In 1876 the young Charles Doughty set out to cross the interior of the Arabian Peninsula. His goal was the "lost" city of Madain Saleh and several years were spent in what were later called his "wanderings": explorations of a terrain little known to Europeans, the discovery of the remains of the sought-for city and detailed accounts of what he discovered there, with particular attention paid to the local geology.

Doughty's other passion, besides exploration and geology, was the study of early poetry. Much dissatisfied with the state of Victorian English, he was determined to record his findings in a style proper to his subject. As Barnaby Rogerson says in his foreword, Doughty wanted somehow to "catch the beauty of the Arabic language and to record the humor, delight and poetry."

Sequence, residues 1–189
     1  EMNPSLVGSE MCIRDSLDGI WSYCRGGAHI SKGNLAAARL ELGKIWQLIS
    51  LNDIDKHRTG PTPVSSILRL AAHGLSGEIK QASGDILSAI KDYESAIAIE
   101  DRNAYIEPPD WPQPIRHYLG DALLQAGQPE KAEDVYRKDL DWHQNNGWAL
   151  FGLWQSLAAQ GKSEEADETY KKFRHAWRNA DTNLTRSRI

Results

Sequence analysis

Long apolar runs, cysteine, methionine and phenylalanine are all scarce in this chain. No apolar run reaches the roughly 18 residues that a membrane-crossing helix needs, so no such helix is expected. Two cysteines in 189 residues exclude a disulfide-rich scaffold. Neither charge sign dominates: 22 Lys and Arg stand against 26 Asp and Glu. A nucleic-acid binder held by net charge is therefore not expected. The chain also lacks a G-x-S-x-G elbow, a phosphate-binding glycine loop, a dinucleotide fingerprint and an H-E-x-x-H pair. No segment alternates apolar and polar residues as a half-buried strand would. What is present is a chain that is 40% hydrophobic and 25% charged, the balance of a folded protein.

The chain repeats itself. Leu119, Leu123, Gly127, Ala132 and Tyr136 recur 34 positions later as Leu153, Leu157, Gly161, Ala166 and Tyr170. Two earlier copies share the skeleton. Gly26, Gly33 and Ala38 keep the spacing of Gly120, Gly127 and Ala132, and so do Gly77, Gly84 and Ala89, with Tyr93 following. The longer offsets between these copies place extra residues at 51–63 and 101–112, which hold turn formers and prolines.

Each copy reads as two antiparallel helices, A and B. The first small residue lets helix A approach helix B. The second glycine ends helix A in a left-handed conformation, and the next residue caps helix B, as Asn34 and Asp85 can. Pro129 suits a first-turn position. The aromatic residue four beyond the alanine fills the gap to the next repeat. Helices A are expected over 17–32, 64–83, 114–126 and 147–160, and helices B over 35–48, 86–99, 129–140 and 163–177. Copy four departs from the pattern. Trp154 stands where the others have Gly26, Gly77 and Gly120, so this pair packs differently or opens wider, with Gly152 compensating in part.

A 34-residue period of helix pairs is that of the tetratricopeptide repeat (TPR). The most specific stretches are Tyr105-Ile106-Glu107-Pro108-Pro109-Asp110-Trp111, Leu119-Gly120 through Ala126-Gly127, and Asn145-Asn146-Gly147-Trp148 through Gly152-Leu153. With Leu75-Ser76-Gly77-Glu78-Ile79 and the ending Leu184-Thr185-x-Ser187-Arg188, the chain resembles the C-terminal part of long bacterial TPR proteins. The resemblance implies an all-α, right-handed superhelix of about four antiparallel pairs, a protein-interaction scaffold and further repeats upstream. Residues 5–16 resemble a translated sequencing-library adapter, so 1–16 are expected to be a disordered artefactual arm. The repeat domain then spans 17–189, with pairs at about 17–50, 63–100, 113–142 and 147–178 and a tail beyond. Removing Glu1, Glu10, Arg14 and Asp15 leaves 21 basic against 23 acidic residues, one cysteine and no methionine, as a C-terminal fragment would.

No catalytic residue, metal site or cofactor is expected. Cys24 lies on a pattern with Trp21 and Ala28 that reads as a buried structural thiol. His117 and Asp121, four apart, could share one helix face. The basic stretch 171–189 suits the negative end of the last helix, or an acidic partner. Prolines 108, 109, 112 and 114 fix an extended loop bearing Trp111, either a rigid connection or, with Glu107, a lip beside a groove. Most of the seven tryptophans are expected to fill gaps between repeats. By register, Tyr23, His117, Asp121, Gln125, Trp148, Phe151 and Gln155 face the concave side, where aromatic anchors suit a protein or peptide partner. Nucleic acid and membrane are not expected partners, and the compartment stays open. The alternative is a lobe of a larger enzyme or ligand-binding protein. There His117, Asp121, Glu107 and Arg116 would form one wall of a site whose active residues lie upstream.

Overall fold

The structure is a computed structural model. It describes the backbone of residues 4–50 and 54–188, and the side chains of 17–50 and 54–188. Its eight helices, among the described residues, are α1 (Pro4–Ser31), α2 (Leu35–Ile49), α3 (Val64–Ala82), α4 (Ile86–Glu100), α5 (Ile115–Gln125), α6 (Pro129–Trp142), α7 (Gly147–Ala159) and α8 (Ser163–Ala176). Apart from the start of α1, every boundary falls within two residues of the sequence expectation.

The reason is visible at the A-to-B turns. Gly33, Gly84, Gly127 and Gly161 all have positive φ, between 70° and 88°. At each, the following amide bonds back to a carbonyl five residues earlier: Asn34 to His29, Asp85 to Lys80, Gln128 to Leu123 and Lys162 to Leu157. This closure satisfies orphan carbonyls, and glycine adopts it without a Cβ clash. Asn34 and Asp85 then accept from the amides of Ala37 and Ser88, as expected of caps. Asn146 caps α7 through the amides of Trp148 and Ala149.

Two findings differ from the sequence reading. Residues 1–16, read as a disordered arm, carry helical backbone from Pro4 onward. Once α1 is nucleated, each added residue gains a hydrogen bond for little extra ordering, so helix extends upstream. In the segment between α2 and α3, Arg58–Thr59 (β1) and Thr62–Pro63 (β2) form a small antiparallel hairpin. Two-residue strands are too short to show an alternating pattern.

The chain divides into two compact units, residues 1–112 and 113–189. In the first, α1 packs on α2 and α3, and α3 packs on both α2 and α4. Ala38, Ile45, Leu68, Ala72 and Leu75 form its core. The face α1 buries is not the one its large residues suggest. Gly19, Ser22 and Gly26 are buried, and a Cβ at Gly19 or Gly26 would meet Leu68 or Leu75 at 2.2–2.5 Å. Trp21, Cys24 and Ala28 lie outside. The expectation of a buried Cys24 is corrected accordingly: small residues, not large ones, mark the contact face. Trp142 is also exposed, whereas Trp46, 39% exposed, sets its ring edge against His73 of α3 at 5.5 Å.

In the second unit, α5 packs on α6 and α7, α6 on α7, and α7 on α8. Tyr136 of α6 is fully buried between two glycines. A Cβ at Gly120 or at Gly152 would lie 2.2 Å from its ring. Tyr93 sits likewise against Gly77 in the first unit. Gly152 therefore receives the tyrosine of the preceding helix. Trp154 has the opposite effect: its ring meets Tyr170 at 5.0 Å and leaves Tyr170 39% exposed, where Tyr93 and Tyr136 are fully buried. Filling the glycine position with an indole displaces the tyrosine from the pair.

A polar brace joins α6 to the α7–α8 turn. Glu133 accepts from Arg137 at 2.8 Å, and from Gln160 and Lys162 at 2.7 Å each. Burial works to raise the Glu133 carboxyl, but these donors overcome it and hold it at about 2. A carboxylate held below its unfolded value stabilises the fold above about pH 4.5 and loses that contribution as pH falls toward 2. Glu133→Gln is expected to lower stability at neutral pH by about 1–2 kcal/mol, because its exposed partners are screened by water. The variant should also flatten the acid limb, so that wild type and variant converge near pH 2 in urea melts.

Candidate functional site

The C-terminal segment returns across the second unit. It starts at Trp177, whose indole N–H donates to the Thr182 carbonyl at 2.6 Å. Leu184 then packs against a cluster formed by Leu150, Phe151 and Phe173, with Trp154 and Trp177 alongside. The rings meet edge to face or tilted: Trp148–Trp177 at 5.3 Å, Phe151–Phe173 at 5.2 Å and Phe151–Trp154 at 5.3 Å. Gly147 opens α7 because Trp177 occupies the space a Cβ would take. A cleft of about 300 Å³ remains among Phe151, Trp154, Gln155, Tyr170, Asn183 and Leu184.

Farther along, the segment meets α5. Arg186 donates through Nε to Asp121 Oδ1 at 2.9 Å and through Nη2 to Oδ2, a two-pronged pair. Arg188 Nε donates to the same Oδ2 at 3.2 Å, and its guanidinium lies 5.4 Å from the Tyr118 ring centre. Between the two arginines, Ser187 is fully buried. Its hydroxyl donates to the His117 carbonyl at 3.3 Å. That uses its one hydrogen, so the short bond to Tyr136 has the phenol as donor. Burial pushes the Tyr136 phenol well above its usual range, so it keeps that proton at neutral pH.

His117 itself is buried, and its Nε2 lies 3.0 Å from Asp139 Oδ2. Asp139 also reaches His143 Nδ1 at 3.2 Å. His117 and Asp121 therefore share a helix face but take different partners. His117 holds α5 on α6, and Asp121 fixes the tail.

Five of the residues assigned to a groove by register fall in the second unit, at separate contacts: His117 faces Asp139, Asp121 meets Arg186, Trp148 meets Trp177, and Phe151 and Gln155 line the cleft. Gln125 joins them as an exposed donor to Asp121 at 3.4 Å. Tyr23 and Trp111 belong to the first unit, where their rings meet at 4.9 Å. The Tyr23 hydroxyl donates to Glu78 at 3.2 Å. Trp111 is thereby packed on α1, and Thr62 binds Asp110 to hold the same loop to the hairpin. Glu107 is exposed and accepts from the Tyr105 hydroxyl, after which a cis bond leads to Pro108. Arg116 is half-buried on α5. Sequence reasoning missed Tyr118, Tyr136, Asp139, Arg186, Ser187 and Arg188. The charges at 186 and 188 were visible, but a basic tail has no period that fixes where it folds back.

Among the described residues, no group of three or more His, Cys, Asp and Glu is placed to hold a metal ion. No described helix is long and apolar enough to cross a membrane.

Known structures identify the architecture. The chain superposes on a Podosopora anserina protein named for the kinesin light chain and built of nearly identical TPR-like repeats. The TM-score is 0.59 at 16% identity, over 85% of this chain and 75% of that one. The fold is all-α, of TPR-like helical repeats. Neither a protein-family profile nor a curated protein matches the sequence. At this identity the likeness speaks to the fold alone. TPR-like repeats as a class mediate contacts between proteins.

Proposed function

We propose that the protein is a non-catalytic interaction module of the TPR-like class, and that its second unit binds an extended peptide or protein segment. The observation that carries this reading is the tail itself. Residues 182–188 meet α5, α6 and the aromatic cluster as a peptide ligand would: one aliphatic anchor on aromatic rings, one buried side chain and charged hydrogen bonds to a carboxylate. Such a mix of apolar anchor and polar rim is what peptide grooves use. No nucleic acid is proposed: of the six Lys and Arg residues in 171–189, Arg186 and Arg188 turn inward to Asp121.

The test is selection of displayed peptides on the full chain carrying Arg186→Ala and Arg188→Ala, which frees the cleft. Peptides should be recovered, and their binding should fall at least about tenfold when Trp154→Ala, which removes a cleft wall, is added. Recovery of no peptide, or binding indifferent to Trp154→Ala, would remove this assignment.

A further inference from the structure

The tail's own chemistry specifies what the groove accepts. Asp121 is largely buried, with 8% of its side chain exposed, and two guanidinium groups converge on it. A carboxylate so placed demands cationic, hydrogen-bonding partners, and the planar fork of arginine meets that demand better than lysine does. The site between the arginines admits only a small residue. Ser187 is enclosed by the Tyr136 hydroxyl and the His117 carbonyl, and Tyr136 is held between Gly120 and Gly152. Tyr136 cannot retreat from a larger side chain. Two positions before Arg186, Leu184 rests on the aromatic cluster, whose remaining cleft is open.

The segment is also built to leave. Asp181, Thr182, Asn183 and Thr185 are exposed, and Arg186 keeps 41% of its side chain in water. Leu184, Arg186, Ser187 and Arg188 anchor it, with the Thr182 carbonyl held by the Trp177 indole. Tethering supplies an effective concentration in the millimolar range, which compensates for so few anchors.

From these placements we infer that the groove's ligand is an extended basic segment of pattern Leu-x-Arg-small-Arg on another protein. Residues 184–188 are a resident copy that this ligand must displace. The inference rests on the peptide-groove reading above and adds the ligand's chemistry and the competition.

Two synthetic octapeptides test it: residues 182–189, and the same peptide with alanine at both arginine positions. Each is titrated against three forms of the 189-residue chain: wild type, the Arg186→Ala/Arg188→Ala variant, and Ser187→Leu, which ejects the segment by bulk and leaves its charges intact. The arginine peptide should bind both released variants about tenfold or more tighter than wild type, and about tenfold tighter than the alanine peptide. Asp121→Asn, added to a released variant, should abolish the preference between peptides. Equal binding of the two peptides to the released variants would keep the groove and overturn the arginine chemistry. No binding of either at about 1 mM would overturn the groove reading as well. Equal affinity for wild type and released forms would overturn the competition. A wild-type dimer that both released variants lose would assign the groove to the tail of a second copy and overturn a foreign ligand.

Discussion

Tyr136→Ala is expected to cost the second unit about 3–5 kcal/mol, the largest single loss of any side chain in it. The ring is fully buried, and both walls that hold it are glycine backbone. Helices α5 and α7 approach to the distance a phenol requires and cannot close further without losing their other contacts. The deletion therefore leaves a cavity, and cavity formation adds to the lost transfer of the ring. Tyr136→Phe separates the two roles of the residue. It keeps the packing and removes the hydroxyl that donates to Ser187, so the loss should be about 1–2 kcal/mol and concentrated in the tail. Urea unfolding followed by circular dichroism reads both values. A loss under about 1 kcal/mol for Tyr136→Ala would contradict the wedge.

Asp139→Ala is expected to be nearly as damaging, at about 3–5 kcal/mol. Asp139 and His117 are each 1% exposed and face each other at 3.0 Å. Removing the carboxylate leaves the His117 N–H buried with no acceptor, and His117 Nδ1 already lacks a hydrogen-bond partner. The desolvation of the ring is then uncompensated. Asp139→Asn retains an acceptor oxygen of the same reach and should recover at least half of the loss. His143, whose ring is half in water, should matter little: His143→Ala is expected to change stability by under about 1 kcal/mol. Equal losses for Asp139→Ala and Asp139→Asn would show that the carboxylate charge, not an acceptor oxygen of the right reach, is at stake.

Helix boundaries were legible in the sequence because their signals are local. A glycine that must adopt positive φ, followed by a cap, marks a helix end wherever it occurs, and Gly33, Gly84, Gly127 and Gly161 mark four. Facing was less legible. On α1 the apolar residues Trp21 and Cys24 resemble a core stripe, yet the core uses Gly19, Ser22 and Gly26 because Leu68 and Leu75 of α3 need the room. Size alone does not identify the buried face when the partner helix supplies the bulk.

Just as the author prepared himself for his journeys by allowing himself to eat only local foods and by testing his stamina through long trips intended to improve his camel handling, he also talked to every Arab he met in order to make himself entirely proficient in the tongue he proposed to import.